“Where exactly did you have in mind?” Achara asked. “And who would be of interest there for me?”
“The destination is my old monastery, and the person of interest is the abbot there,” Camon answered. “It’s through him that I came to you, but we need to make haste for now.”
Achara and Camon snuck out onto the back street and moved at a brisk pace. They ducked down another street, then another, trying to keep the general direction south and avoiding the main avenues. Occasionally, they saw patrols of Inquisitors moving about up and down the main streets and in and out of the upper city. They had enlisted the help of Imperial soldiers to bolster their numbers.
“They want you bad, don’t they?” Achara asked.
“It’s probably been a lifetime or two since they’ve even had the opportunity to bag a Paladin,” Camon said. “They will do whatever they can to find us. We need to keep moving and try not to talk to anyone and stay out of sight.”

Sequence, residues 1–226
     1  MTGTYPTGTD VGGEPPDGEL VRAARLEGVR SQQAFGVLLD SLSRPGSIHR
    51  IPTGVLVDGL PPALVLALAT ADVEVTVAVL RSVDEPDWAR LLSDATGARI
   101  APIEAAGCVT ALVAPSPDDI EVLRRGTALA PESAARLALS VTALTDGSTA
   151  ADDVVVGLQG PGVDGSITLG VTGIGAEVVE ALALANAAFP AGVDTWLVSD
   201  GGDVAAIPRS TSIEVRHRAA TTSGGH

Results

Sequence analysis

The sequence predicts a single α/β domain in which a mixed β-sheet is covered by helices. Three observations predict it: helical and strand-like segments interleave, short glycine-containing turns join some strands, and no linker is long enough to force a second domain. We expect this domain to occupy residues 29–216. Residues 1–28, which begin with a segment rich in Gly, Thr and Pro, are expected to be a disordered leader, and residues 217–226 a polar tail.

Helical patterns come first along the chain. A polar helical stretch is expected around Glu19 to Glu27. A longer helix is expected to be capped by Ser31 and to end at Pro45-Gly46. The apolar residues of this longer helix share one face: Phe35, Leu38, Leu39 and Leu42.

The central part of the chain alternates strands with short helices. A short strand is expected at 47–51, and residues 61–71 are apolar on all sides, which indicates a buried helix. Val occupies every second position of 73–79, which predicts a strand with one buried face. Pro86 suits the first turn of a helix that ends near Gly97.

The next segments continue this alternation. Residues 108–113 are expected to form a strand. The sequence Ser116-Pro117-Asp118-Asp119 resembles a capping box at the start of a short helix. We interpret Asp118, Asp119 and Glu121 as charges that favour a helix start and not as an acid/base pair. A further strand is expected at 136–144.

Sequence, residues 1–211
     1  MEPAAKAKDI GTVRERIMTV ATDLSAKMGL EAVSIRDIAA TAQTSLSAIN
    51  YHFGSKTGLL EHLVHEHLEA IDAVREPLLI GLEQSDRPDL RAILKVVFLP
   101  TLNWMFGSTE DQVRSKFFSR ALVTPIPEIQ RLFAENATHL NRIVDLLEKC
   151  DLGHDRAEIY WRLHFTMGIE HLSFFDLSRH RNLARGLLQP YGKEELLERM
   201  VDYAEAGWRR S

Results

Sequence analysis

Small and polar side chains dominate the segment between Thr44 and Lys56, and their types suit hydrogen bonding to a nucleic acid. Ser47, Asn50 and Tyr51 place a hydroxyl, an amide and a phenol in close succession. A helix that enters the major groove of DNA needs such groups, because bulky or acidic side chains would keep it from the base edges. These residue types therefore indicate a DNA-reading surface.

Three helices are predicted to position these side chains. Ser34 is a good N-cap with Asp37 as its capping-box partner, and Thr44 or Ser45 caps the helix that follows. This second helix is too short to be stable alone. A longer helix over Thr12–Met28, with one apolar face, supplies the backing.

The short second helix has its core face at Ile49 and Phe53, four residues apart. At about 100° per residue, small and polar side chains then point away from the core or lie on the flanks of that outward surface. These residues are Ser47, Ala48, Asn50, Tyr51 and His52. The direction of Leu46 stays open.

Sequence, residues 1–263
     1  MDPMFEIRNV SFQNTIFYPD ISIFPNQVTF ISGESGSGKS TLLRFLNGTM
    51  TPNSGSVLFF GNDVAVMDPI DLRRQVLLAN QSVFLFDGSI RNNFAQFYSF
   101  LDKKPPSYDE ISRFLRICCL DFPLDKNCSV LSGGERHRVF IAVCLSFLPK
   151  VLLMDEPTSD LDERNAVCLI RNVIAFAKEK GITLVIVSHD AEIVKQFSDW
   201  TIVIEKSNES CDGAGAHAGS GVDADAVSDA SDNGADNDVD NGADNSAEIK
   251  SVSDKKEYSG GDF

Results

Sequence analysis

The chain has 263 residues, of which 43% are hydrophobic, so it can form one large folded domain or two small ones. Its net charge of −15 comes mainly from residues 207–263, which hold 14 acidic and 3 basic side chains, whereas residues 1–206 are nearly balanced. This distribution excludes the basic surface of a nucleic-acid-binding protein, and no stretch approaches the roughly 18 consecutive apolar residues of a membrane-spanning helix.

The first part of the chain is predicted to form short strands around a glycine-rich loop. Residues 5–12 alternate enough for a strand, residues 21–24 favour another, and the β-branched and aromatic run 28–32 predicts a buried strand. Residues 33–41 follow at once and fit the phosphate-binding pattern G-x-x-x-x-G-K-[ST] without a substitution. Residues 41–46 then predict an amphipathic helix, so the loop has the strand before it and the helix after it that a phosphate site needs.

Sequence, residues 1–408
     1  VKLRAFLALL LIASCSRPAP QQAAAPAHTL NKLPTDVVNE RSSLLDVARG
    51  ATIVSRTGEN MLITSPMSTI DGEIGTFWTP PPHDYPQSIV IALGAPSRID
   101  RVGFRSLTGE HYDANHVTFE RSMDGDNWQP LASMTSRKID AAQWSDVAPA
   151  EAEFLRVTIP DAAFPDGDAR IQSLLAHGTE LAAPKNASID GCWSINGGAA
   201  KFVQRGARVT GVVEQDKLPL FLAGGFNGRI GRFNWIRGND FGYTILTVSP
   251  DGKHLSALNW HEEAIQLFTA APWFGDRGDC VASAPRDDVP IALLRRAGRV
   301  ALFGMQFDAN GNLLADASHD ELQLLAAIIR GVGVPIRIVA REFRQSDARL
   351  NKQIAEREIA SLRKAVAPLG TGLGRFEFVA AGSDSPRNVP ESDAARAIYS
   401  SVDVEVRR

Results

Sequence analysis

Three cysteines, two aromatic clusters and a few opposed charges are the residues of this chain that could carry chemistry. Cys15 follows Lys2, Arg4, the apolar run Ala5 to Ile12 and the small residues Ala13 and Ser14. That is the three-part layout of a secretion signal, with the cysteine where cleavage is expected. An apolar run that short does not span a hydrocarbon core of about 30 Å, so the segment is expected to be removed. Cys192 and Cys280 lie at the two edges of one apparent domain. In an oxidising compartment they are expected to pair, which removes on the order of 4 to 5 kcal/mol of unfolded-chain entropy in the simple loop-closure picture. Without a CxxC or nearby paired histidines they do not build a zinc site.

They came to an avenue that came down from the upper city towards the west gate. Like every other avenue in the city, it was teeming with soldiers and Inquisitors moving towards the northern part of the city.
“It looks like they are mobilizing north to organize a manhunt there from the apartment probably,” Camon said. “That gives us an advantage given that we are going to the south side of the city.” He waited for an opportunity to cross. One came after about five minutes after a squad of soldiers passed them from their hiding place on the street. Camon and Achara scooted across the avenue and ducked into an alleyway across the way between two busy establishments. They kept moving down the alley as quickly as possible, then stuck more to some of the side streets and backways in the city, not stopping for even a moment.